A picture of Dallas Willard and John Ortberg

I visited a church in my area for the first time today. When I looked online at the church’s doctrines before my visit, the doctrines looked very biblically sound. The church’s site clearly states that the pastor preaches from the Bible verse by verse, and he did. With all of the faithfulness to the Word of God that I observed, I was very surprised to glance at some bookshelves, which was the church library for this small church, and see one of Dallas Willard’s books on the shelf! I didn’t get a chance to look through the other books, but I wish I had now for the purposes of this letter. The pastor even attended Bob Jones University, which I know you have listed as not being contemplative. These contemplative books clearly seem to be getting into the hands of pastors and Christians everywhere. A pastor’s seminary and even an individual’s denomination doesn’t seem to dictate who is reading them. As I was thinking about my experience today and doing some research on your site, I found this list of The Top 50 “Christian” Contemplative Books – A “NOT RECOMMENDED Reading List” and 25 Christian “Bridgers” to Them and am planning to share this list with the pastor from the church I visited today and others. I pray that more Christians will realize that many popular authors and teachers are leading the church toward a new, mystical spirituality and away from traditional, biblical Christianity. I pray that Christians will take heed, compare every teaching and practice of men to the Word of God, and warn others so that more know will know what is happening today within the Church.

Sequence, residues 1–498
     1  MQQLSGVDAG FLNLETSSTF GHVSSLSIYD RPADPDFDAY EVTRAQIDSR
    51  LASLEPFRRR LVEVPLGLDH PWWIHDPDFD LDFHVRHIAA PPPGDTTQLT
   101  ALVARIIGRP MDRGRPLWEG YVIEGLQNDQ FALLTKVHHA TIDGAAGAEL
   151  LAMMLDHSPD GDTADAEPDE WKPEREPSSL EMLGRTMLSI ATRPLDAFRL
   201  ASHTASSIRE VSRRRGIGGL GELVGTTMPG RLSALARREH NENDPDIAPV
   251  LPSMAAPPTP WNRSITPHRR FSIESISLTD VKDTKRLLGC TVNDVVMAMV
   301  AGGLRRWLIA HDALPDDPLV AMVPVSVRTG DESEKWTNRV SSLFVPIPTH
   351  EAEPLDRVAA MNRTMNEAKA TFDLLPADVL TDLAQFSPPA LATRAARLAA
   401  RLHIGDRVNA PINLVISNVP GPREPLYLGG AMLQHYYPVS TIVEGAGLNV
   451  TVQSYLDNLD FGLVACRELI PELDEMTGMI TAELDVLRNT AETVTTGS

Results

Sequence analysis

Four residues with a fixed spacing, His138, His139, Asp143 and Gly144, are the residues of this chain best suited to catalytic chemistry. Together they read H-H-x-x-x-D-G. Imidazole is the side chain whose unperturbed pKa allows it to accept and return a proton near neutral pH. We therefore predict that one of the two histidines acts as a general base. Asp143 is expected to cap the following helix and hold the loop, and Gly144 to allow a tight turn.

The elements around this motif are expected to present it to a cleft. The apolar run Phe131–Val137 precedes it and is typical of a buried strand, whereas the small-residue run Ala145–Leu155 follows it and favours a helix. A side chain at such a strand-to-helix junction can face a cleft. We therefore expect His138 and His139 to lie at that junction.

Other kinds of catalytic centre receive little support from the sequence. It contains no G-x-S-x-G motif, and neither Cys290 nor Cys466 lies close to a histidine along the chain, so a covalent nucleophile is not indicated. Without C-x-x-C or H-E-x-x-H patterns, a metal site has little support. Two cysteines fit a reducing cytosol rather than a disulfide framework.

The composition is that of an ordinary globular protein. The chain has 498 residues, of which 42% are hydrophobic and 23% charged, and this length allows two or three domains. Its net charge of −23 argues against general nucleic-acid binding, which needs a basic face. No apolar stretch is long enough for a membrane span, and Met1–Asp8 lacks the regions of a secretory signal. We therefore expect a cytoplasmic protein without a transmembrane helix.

A Lighthouse Trails reader